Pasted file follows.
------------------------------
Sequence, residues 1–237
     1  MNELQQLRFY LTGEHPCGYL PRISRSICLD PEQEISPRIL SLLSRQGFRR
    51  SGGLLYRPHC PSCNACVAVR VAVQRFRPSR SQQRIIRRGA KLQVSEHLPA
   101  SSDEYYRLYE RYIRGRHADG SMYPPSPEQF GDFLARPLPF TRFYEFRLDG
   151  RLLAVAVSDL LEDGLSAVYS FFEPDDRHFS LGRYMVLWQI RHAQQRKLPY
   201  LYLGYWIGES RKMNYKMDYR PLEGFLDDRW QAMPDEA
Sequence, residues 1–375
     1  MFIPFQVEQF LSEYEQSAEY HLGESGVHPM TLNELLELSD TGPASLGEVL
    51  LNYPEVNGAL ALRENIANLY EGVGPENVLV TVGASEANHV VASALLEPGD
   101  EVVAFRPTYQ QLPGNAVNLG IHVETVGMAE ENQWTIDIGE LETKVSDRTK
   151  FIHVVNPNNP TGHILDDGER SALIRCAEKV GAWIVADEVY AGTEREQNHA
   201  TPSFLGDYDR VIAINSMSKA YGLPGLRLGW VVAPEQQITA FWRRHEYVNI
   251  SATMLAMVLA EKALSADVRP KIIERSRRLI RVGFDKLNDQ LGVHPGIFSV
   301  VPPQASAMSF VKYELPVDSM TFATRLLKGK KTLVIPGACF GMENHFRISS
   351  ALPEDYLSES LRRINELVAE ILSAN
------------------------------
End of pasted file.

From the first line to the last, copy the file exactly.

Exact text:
Sequence, residues 1–237
     1  MNELQQLRFY LTGEHPCGYL PRISRSICLD PEQEISPRIL SLLSRQGFRR
    51  SGGLLYRPHC PSCNACVAVR VAVQRFRPSR SQQRIIRRGA KLQVSEHLPA
   101  SSDEYYRLYE RYIRGRHADG SMYPPSPEQF GDFLARPLPF TRFYEFRLDG
   151  RLLAVAVSDL LEDGLSAVYS FFEPDDRHFS LGRYMVLWQI RHAQQRKLPY
   201  LYLGYWIGES RKMNYKMDYR PLEGFLDDRW QAMPDEA
Sequence, residues 1–375
     1  MFIPFQVEQF LSEYEQSAEY HLGESGVHPM TLNELLELSD TGPASLGEVL
    51  LNYPEVNGAL ALRENIANLY EGVGPENVLV TVGASEANHV VASALLEPGD
   101  EVVAFRPTYQ QLPGNAVNLG IHVETVGMAE ENQWTIDIGE LETKVSDRTK
   151  FIHVVNPNNP TGHILDDGER SALIRCAEKV GAWIVADEVY AGTEREQNHA
   201  TPSFLGDYDR VIAINSMSKA YGLPGLRLGW VVAPEQQITA FWRRHEYVNI
   251  SATMLAMVLA EKALSADVRP KIIERSRRLI RVGFDKLNDQ LGVHPGIFSV
   301  VPPQASAMSF VKYELPVDSM TFATRLLKGK KTLVIPGACF GMENHFRISS
   351  ALPEDYLSES LRRINELVAE ILSAN